Why is the BVC like primary school?
24 October 2008
Wow! Its been a crazy first month on the BVC and I have learnt so much already. Its such a change from university. Indeed, its more akin to a sophisticated primary school as its really structured - were told exactly which chapters to read in what books and are being taught by teachers not lecturers.
I feel like I have settled in a lot faster than I expected, although as there are under 50 people on the course its quite intense, and this is another reason why it is like being back at school. There are a fair few nut jobs, and my group seems to have more than its fair share. I guess this is to be expected when there are 50 people who all want to be barristers. There are a lot of very strong characters and so teamwork doesnt always quite go to plan. But the course is supportive and we all help each other, especially practicing our advocacy on each other before class, which is very helpful.
There are loads of pro bono opportunities at BPP, which I was impressed with as I really enjoyed pro bono in university. Ive applied to become director of the Legal Advice Clinic so I hope I get it because it looks interesting, and Im excited by the idea of having to advise on real problems and help real people rather than BPPs fictitious Mrs Tanya Body, the sun-bed owner!
Im the type who has a lot more embarrassing moments than the average person. This hasnt changed since starting on the BVC despite my efforts to act sensibly! The moment that springs to mind was when I decided to listen to music whilst working in the computer cluster. Weve large old-school headphones that I put on to listen to a cheesy song (I wont name it but just trust me on this one) and wondered why the volume seemed quite low. I put the volume up to maximum, and then looked up to see the people surrounding me laughing, only to realise that I had a cringingly cheesy song blurting all over the library on full volume because my headphones werent plugged in! Not one of my finest moments!
A better moment was opening my locker to see a neat pile of books stacked waiting for me that I didnt have to pay for. It felt like Christmas until I had to drag them home in a suitcase (which was rather like clearing up the wrapping paper on Boxing Day especially when I realised I had to actually read them).
During the first week there was a LOT of talk about pupillages. Only three people had one, which was surprising. After a while it got annoying when every break was dominated with conversations about pupillages, so a wise woman made a policy decision not to talk about them during breaks. This was a relief! I have decided to apply during the summer OLPAS season and perhaps to a few non-OLPAS chambers in the mean time. Hopefully Ill undertake a few mini-pupillages in the mean time, which I will keep you updated on.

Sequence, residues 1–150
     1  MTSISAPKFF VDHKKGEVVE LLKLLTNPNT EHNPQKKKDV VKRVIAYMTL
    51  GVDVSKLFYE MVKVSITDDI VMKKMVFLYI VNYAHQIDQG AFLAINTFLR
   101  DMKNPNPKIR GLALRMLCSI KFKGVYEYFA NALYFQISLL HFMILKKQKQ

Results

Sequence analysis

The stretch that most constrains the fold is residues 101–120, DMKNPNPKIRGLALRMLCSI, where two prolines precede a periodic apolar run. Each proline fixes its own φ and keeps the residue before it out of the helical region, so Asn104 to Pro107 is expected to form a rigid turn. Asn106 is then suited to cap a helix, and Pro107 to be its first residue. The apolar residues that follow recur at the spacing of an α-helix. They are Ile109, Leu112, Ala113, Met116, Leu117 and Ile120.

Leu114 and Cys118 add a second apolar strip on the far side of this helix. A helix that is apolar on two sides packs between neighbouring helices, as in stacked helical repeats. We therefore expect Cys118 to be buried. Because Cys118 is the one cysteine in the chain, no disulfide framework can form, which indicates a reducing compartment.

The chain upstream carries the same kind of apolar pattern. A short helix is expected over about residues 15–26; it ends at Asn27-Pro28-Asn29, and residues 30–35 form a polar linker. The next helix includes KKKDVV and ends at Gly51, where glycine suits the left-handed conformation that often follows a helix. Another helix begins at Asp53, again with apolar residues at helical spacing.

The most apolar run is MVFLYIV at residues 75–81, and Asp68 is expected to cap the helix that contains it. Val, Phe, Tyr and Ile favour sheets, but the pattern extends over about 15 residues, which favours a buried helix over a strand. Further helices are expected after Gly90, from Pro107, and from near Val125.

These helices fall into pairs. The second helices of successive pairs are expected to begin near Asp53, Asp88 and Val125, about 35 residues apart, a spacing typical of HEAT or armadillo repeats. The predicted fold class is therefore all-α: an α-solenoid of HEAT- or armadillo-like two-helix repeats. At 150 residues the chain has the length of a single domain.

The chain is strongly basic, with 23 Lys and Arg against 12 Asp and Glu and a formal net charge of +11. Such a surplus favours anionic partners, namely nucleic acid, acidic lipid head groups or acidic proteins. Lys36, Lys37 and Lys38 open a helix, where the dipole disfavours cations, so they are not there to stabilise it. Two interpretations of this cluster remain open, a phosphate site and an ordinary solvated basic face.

The most nerve-racking moments so far have been spent in advocacy classes although theyre also the most exciting. Everyone had such different styles, and this goes to show how you dont have to be a particular type of person, or a particular type of speaker to be a good advocate. Were videoed in all advocacy classes, and have provided good entertainment to my housemates no way is that you you look really serious!. Its cringing looking back at them but its a really good way to learn and realise what youre doing wrong; I never realised how much I sway when I speak!
The most surreal few days so far has to be the introductory weekend at Middle Temple. My Inn had a formal meal on Friday night, lectures all day Saturday, a formal meal on Saturday night, and Sunday lunch. I expected a dull and pompous few days, although I was pleasantly impressed. Despite being told we could only speak to people in our mess other than to ask for condiments, and were not allowed to leave to use the bathroom during the meal (something that particularly troubled me!) this was simply not the case. It was an enjoyable weekend, and there was even some African dancing on the Friday night, which was simply surreal and involved a woman doing a headstand and vibrating her body whilst wannabe barristers in suits tried to shake their bums to the floor without splitting their trousers. I had another embarrassing moment when I was dancing away and nudged a girl who had a glass of red wine in her hand. I must have hit a reflex because the glass bounded up towards her face and blinded her eyes with red wine. She then did zombie motions to the edge of the dance floor with her eyes closed and her hands in front of her.so if youre reading this sorry again!
I promised that I would be honest, and so I am telling you that the workload is heavy and it is going to be pretty tough year. However, were applying what weve learnt at university, and it is so much more interesting than learning about theory, and is therefore far more enjoyable.
The BVC is great as long as you completely throw yourself in to it and accept that you will have to work hard. I will let you know next month what it is like after the honeymoon period begins to dwindle (as has already started to happen!), and any progress I have made.
Mood: I cant wait until reading fortnight, and I am completely ignoring the fact that I will have work to do during this time.
Quote of the month: The difference between try and triumph is just a little umph! (Marvin Phillips)